Our mother was never ours entirely. We had to share her. In the evenings. The early mornings. Even the middle of the nights. Always on the weekends. Even in the midst of this blasted coronavirus, she still sees her pediatric patients. Always on call.
“Can’t you just stay home?!” we moaned.
“What do I do about all the sick kids? Someone has to see them.”
Obviously, they could go to the ER. There was no point arguing with her. She was our mother after all. That headstrong stubbornness wasn’t something we assumed in life. It was coded into our DNA.
We would be there when she had to answer calls about kids with trouble breathing, diarrhea, vomit, cold sores, colds, the flu, all types of rashes under the sun, tumors, and of late – I-think-my-kid-has-the-coronavirus.
We never went out in public without running into her patients. Back to school shopping. Costco. Publix. The mall food court. The park. The mechanic’s shop. The halal food mart. The masjid was the worst. They were everywhere like ants. I thought we just had friends because kids got sick.
“Oh, Aneesa Aunty” this and that.
The most unforgettable one was when we were at Red Lobster’s for someone’s birthday, and this man came up to our table crying. It was awkward having a stranger gushing over how wonderful a doctor your mom is. It was super awkward having a full-grown man all-out sobbing.
“Your mother saved our son’s life.”
That was the one I actually felt guilty about being annoyed, but I was still annoyed. “Can you actually just leave so we can have our mother?” I thought.
Yet we all just nodded when he said, “Your mother is so special.”
Being a parent requires a weird ability to know what to do in a myriad of situations. How to run out the door with 562 things in place. Things set in motion. For homeroom. Lunch. Afterschool. Pick Up. Homework. And that’s if all things are in working order.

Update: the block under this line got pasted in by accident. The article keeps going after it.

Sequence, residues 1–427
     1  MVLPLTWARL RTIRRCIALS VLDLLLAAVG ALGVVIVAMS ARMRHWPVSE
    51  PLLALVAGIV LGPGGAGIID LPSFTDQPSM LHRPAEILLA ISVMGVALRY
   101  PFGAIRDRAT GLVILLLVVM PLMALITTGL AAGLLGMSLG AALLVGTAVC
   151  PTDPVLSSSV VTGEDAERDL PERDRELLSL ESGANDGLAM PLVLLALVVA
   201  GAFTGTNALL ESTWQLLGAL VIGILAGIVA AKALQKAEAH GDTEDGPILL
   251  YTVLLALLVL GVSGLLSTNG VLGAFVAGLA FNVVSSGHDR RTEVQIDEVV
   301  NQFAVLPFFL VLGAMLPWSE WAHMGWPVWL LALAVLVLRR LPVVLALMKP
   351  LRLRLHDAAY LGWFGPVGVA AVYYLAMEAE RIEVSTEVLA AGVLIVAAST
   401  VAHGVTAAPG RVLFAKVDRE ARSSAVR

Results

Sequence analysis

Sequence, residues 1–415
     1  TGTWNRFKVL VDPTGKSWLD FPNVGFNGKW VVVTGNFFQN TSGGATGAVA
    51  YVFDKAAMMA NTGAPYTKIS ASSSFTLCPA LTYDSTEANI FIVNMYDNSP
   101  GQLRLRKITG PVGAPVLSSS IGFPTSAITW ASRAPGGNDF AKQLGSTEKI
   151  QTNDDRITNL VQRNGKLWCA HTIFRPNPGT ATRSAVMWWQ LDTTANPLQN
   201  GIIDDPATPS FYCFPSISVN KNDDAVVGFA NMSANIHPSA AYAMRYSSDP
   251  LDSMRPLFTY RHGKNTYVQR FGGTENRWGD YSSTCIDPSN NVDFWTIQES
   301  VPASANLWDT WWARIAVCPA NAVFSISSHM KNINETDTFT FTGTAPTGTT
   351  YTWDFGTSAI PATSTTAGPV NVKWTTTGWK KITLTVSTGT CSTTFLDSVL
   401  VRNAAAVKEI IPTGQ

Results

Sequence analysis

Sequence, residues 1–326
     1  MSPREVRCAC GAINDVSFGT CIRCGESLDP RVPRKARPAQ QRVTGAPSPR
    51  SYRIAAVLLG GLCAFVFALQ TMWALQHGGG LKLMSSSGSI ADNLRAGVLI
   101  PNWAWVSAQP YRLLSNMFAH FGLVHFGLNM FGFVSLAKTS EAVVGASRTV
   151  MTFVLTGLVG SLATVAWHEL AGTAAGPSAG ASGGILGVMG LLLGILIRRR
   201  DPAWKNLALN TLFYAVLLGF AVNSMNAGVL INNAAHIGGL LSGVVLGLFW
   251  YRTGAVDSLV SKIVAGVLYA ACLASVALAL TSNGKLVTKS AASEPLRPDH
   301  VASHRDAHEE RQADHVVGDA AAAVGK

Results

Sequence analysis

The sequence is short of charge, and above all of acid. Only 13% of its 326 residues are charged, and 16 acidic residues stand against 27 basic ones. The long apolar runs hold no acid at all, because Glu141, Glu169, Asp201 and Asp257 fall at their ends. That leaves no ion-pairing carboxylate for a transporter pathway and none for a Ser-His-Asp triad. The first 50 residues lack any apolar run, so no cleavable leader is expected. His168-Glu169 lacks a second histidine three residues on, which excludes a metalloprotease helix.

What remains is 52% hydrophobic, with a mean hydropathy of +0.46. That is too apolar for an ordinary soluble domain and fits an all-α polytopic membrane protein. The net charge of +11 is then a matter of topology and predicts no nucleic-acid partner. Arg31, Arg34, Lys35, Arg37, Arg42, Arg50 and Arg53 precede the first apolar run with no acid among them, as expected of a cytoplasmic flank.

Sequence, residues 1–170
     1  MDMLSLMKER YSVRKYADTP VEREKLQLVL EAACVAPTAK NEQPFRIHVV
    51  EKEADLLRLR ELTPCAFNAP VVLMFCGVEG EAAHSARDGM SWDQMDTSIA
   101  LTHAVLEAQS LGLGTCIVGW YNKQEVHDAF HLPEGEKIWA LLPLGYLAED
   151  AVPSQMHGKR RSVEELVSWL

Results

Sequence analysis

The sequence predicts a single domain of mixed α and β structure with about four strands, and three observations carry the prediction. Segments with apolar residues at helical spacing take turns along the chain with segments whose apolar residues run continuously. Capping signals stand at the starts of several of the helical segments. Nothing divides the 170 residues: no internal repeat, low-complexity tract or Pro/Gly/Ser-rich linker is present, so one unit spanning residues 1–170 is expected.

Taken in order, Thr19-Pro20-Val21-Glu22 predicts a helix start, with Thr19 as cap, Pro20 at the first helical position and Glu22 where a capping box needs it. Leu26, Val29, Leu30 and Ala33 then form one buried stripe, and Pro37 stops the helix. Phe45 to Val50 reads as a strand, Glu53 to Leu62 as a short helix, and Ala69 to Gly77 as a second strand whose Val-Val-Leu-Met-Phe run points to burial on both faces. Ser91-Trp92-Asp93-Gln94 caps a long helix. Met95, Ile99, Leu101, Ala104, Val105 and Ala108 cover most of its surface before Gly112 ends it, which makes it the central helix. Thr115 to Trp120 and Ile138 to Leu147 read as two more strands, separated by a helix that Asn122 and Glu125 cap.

And then I became one of those parents, the ones interrupting my mother 24/7.
“Is it pink eye or not?”
“He threw up after track. What do I do?”
“She’s not eating. What do I give her?”
“She won’t stop using a bottle. I give up.”
“They are not listening to me and getting on my nerves. I’m dropping them off.”
Eventually, the issue or ailment would resolve – whatever stupid thing it was at the time.
We go about our lives. Things happen. Don’t happen. Life goes on. That actual ability to predict and recognize that things move along is par for the course.
Last fall, it all came crashing down. All stood still. We couldn’t go back to things as usual. Maybe we could, but it would always be there in the back of our minds.
When our childhood friend’s daughter, Hanna, was diagnosed with Batten Disease, I had no idea such a disease could exist. No cure. Only subtle attempts to slow its progress and ease its pain. She was in every dua.
I started researching and scouring the internet. I emailed the top geneticists and epidemiologists in the world and came up with nothing. A rare disease with no cure. There had to be a cure. Wecan find one.
Kennedy Hansen was a Utah teen, who also had this rare, genetic disease. A film about her struggle, “Love, Kennedy,” was released in 2017. I watched the film trying to understand what was happening because reading the medical literature on Batten’s was difficult. Looking at Kennedy’s life, I realized Batten’s was not only a disease but something that touches us and changes us in ways we never imagined. Seeing Batten’s makes us see courage, resilience, and humanity with a newfound ferociousness. We see how each movement, blink, step, and smile is an acceptance of life, an acceptance of the qadr of Allah.